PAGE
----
Poem in running script

citation

Maker(s)
Artist: Ruan Yuan (1764-1849)
Historical period(s)
Qing dynasty, early to mid-19th century
Medium
Hanging scroll; ink on gold-flecked paper
Dimensions
H x W (image): 164.5 x 40.7 cm (64 3/4 x 16 in)
Geography
China
Credit Line
Gift of Robert Hatfield Ellsworth in honor of the 75th Anniversary of the Freer Gallery of Art
Collection
Robert Hatfield Ellsworth collection
Accession Number
F1997.52
On View Location
Currently not on view
Classification(s)
Calligraphy
Type

Hanging scroll

Keywords
China, Qing dynasty (1644 - 1911), Robert Hatfield Ellsworth collection, running script, WWII-era provenance
Provenance

To 1997
Robert Hatfield Ellsworth (born 1929), New York City, to 1997

From 1997
Freer Gallery of Art, given by Robert Hatfield Ellsworth in 1997 [1]

Notes:

[1] The total gift from the Ellsworth collection consists of nearly three-hundred objects (F1997.42-.85 and F1998.83-294). All Chinese calligraphy in the proposed gift were published in Mr. Ellsworth's Later Chinese Painting and Calligraphy: 1800-1950 vol. 3 (New York: Random House, 1986) (see Curatorial Note 2, Joseph Chang and Stephen D. Allee, May 19, 1998, in the object record).

Previous Owner(s)

Robert Hatfield Ellsworth 1929-2014

Label

Picture stones from Taihang look like crowding clouds,
Human craft cannot achieve the majesty of Heaven's art.
The flower-and-stone convoys ended and Bian River froze,
Snow Wave Studio was destroyed, winter clouds grew dark.
Master Su is long departed and his stone is gone as well,
The inscription that still remains in a desolate town.
Along Black Water in Liangzhou, a jade axe drew the line,
And the sovereign kingdom of Dali opened its national gates.
Sun Zhiwei has been dead now for eight hundred years,
But into the Diancang Mountains his soul was summoned back.
The painter's powdered drawing entered the bones of the rock,
The spiritual force of the poet penetrated the roots of Heaven.
Breakers soaring up to Heaven copied the whiteness of clouds,
Ancient snows immured in earth transformed to scars of jade.
On slice after slice, the waves of Erhai magically appeared,
That single billow from Dingzhou was not the final say.
Moreover these toppling waves crashing on the quay,
Stand in a screen and do not use Su Shi's level basin.
The plum blossoms before my studio seem like fragrant snow,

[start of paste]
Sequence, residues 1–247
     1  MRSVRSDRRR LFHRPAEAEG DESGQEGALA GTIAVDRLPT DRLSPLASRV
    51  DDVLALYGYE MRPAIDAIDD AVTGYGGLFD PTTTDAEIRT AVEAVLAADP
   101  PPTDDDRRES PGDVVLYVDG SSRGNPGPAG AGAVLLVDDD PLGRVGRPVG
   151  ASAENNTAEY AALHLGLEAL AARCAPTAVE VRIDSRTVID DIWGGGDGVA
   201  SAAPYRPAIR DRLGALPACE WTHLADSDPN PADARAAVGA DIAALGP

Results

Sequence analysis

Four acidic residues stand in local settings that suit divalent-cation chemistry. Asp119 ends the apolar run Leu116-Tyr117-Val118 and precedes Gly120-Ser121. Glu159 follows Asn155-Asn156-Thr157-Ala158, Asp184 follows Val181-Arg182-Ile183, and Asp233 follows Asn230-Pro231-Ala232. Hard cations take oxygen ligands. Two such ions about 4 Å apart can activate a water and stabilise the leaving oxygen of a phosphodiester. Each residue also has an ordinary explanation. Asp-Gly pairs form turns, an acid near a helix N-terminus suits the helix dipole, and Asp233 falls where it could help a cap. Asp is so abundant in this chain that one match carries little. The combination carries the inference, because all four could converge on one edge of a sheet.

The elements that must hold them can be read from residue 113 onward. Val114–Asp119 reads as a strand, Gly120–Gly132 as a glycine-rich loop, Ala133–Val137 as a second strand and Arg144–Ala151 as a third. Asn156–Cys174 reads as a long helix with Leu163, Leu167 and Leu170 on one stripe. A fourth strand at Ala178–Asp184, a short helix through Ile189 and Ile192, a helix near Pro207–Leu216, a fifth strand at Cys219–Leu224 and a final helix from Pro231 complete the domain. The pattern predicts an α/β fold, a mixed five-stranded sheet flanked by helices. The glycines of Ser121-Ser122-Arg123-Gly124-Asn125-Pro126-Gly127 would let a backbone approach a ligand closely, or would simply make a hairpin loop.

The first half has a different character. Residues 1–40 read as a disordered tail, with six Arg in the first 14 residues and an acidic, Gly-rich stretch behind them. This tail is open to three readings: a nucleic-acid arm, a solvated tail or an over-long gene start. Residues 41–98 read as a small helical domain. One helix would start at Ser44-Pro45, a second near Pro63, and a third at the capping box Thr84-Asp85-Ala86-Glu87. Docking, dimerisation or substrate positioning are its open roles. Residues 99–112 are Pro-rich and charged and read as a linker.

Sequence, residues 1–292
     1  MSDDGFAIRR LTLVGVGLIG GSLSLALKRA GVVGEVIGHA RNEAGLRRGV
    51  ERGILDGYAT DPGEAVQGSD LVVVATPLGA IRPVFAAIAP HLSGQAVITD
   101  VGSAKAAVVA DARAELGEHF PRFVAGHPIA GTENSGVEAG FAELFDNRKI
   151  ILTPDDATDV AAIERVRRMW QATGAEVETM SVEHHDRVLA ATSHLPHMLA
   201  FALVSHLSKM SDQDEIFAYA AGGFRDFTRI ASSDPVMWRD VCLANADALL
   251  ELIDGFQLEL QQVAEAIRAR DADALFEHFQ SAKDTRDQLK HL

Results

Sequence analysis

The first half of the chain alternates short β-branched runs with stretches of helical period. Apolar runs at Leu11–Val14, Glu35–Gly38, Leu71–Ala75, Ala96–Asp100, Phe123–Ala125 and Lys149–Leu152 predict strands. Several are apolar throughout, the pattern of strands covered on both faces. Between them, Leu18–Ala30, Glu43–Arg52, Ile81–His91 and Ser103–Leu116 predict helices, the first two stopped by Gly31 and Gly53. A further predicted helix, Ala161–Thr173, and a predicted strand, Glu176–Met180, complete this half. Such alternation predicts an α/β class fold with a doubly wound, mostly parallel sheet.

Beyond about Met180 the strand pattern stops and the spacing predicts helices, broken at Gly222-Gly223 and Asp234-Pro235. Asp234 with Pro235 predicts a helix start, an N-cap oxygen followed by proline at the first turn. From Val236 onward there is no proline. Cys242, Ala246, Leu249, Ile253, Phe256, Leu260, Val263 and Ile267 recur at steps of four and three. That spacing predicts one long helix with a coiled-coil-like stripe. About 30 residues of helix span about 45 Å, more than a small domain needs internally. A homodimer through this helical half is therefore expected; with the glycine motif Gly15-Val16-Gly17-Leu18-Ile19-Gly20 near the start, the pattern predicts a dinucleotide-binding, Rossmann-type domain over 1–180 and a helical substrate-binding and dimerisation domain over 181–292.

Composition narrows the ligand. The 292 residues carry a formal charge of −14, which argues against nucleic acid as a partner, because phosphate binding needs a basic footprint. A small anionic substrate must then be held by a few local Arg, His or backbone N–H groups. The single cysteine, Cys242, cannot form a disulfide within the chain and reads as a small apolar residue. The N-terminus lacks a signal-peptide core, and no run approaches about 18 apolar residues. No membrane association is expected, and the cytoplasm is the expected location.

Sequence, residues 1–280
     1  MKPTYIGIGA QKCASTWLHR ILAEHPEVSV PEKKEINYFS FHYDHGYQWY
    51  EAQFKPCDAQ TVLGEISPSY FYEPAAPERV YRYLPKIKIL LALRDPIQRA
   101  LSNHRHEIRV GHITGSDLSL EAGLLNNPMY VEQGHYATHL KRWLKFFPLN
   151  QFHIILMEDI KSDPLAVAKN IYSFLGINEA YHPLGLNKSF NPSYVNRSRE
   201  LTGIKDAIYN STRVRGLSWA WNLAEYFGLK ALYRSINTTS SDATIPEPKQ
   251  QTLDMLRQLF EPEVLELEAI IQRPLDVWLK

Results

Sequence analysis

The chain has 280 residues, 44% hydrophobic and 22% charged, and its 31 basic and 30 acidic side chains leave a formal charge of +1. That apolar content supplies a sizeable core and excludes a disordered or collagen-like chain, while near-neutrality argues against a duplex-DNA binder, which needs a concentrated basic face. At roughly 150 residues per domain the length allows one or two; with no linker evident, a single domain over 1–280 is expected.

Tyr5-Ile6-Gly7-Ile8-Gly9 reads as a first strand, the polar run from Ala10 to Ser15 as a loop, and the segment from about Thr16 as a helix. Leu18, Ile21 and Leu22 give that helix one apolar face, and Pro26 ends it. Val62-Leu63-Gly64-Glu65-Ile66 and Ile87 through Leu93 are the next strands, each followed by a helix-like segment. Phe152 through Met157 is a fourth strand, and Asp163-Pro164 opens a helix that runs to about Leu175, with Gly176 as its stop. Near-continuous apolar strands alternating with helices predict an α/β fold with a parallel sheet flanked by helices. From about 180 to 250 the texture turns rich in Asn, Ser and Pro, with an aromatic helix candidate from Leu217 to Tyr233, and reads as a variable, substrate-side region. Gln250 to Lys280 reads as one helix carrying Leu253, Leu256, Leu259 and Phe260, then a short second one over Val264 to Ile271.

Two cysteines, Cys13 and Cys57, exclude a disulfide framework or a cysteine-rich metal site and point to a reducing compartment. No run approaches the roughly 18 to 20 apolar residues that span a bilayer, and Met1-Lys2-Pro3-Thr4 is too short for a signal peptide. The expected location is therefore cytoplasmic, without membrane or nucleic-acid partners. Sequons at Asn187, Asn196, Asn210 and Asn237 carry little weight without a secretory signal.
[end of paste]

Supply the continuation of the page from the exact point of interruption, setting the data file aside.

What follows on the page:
One glance at Master Snow, and the Way is there before me.

An exceptionally erudite scholar, Ruan Yuan was one of the most important and influential figures in the cultural and intellectual milieu of early nineteenth century China. Born in Yizheng, Jiangsu Province, a large town on the lower Yangtze River near the city of Yangzhou, Ruan Yuan passed the national examinations in 1789 and pursued a highly successful official career. After 1799, he was governor of several provinces, including Yunnan (1826-35), where he was able to pursue his passion for collecting marble "picture stones" from the area of Dali, the main subject of the above poem. Ruan Yuan composed his poem to follow the same rhyme scheme as an earlier verse, the Snow Wave Stone, by the famous Song dynasty poet Su Shi (1037-1101), who also wrote a prose inscription on the subject. Su's poem and inscription were both quite well-known in Ruan Yuan's day, especially among stone fanciers such as Ruan, and their imagery, diction, and content underlie various lines in his poem.

Ruan Yuan's contributions to the study of ancient script are particularly notable and he wrote two important theoretical essays on the evolution of calligraphic scripts and styles, dividing their historical development into northern and southern schools, each with a distinct lineage of successive masters. Closely reflecting these scholarly interests, Ruan Yuan himself wrote in various styles of seal script, clerical script, and standard script, but most frequently encountered are his works in running script, as seen in this scroll, which fall squarely within the model-letters tradition favored by the court. Reflecting more of a scholarly than artistic sense of style, this scroll is an excellent example of Ruan's limber, if somewhat conventional, approach.

Published References
  • Thomas Lawton, Joseph Chang, Stephen Allee. Brushing the Past: Later Chinese Calligraphy from the Gift of Robert Haftield Ellsworth. Exh. cat. Washington. cat. 3, p. 62-65, 127-29.
  • Thomas Lawton Thomas W. Lentz. Beyond the Legacy: Anniversary Acquisitions for the Freer Gallery of Art and the Arthur M. Sackler Gallery. vol. 1 Washington, 1998. pp. 256-261.
  • Robert Hatfield Ellsworth. Later Chinese Painting and Calligraphy: 1800-1950., 1st edition. New York. pp. 265, 50.
Collection Area(s)
Chinese Art
Web Resources
Google Cultural Institute
Rights Statement

Copyright with museum